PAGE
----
When the world last saw Jody "Babydol" Gibson, the aspiring pop star was headed to prison, a consequence of her secret sideline: running an international call-girl ring that catered to the rich and famous.
Now, fresh from 22 months behind bars, she's coming at Hollywood in a new way, with a "Babydol" movie for television, a late-night talk show in development and, although she doesn't yet have a publisher, she's writing a book about her secret life.
Whether it will be a tell-all book remains to be seen, particularly when it comes to divulging the names of the high-powered entertainment figures in her infamous trick book. "Let's just say it's a big maybe, with a capital M," she said.
You might think it would be dicey going back to Hollywood--where so many of her former clients still hold power--but she said she has managed to avoid them. "Whatever business I am doing now has nothing to do with any of my clients," she said. "They are just straight-ahead network and studio projects." Besides, she adds, her former clients produced feature films, not TV shows. "I don't know network people."
To get her ventures off the ground, she has joined forces with her younger sister, Amy Gibson, an actress who once starred on "Love of Life," "General Hospital" and "The Young and the Restless."
A script that Amy Gibson helped develop, titled "The Babydol Story: The Price of Fame," is being developed for the USA Networks cable network by Jaffe/ Braunstein Films Ltd., a production company that recently made the ABC movie "Gilda Radner: It's Always Something."
Amy Gibson also has been pitching the syndicated talk-show idea to executives in L.A. and New York.
Before she began shopping the project to producers, she said, a "very prominent guy in Hollywood" took her aside and asked, "Can I ask you a quick favor? Before we go in to pitch this, could I at least ask you to ask your sister if they're in the [trick] book, so I'm not embarrassed when we're in the meeting?"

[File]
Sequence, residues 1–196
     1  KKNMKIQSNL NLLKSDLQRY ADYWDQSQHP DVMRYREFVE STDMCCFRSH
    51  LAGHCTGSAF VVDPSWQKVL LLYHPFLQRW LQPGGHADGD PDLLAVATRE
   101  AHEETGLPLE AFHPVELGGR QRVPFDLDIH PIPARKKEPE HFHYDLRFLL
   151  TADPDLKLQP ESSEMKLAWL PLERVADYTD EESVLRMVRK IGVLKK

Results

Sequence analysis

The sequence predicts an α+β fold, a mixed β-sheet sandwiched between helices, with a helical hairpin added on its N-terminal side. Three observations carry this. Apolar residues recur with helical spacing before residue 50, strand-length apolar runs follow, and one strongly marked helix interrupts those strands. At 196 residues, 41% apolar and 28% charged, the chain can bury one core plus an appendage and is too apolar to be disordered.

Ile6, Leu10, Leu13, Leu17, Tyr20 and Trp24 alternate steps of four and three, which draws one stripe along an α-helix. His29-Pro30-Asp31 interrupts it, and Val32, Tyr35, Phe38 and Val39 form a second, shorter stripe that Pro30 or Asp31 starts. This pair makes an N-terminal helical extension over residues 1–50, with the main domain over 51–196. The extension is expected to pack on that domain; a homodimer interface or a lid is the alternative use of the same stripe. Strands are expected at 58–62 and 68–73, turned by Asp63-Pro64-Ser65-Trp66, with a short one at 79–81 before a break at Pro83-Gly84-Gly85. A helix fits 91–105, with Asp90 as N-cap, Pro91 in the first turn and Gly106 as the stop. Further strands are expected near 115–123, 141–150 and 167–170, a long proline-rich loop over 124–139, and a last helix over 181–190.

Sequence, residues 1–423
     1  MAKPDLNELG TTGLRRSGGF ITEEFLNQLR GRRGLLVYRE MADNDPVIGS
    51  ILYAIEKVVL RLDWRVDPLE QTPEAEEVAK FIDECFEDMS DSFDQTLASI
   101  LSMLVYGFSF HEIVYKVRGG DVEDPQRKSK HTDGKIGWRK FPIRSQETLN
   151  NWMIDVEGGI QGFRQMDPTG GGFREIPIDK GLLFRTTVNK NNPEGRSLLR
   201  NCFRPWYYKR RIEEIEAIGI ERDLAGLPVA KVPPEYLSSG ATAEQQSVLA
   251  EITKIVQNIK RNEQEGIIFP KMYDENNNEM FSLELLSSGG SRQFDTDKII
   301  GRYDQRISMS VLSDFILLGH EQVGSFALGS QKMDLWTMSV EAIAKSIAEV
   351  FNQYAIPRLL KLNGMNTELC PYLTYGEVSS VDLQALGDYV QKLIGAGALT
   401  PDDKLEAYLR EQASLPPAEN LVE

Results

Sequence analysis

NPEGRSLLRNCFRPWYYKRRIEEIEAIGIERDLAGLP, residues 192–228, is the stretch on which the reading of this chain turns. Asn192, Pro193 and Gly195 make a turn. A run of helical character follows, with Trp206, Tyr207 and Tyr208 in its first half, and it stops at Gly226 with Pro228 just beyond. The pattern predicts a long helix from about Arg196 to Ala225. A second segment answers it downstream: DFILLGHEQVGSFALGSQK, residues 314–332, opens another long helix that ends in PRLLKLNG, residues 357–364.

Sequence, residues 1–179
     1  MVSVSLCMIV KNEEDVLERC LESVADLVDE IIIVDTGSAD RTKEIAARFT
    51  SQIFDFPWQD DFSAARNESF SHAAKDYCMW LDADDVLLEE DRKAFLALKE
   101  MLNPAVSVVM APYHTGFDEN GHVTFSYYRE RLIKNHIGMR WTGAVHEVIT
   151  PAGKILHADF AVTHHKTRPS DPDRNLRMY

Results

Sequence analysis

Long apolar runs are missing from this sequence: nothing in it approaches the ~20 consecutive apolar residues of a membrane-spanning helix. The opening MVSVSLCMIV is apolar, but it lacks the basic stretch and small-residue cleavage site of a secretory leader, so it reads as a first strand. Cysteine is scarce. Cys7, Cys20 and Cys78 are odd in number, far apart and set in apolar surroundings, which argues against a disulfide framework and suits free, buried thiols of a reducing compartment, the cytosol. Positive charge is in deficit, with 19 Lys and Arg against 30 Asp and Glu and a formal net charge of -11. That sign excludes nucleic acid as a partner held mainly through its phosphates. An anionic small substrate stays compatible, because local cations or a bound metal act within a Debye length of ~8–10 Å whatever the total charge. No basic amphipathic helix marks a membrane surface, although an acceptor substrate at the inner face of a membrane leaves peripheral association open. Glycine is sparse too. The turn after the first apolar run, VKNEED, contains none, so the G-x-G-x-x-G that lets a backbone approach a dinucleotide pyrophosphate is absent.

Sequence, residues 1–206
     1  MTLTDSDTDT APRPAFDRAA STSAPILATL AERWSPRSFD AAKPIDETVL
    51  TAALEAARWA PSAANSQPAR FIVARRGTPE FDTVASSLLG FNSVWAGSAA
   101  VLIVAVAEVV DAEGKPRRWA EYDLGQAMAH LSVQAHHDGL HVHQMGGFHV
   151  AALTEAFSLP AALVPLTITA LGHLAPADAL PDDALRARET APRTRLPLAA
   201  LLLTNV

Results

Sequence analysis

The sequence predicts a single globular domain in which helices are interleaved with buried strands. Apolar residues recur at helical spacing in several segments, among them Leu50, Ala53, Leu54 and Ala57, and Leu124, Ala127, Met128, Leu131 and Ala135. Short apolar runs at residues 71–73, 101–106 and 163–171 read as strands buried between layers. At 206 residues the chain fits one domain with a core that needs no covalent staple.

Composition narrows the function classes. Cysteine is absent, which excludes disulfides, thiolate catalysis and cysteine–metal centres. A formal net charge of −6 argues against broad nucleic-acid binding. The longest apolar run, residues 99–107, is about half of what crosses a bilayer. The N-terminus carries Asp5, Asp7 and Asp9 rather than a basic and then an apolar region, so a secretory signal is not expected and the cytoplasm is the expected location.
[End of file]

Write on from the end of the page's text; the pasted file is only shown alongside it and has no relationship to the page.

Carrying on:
"I had to go, 'Wow, OK,' " Amy Gibson said.
Burt Kearns, a producer for "Hard Copy" and "A Current Affair" whose book "Tabloid Baby" gave an insider's look at the advent of tabloid TV, said Babydol Gibson joins a long line of people who have tried to capitalize on a brush with fame.
"If you pick a notorious personality who made it big through scandal or malfeasance, you find they cash in," Kearns said. "That is the way of life in Hollywood and in American culture.... There used to be a thing called notoriety and shame. We don't have that anymore."
As evidence, he points to the recent Fox television special "Celebrity Boxing," which pitted scandal-tarred ice skater Tonya Harding in one corner against Paula Jones, who accused Bill Clinton of sexual harassment, in the other. And the only reason Jones was in the ring was because another tabloid character, "Long Island Lolita" Amy Fisher, couldn't get permission from her parole officer to leave New York for the taping.
"I think there came a point in our culture and in our society where people stopped differentiating between accomplishment and celebrity," Kearns said. "So this is Babydol's chance to be in the spotlight."
But as far as the late-night talk show is concerned, the odds are against her, said Bill Carroll, a programming consultant with Katz Television Group in New York. Of the 150 to 200 talk shows that receive serious discussions each year, he said, maybe 15 at most make it on the air.
Still, he doesn't count her out. "I never say never because none of us could ever have predicted Ozzy Osbourne," Carroll said, referring to the heavy-metal rocker whose MTV series, "The Osbournes," has been an unexpected ratings winner.
Gibson, a petite, 44-year-old ex-New Yorker with blond hair and a gift for gab, knows better than most the long odds of achieving stardom.
During the years she was operating her escort service, Gibson also tried to make it as a pop star. She once purchased space on a huge billboard along Sunset Boulevard to promote her debut single, a self-penned dance track called "Good Girls Go to Heaven, Bad Girls Go Everywhere." But the song flopped, and the billboard vanished. In all, Gibson recorded a single, a five-song track and an album.
Her 1999 arrest by an undercover officer disguised as a wealthy Middle Eastern businessman made headlines rivaling the infamous case of another Hollywood madam, Heidi Fleiss.
One of the more explosive aspects of the Babydol case revolved around her logbook containing the names of more than 100 clients, including actors, producers and wealthy businessmen. The men shelled out $1,000 an hour for women supplied by Gibson's escort service, and she pocketed 40% of the proceeds.
Her clients' names were not divulged publicly at trial.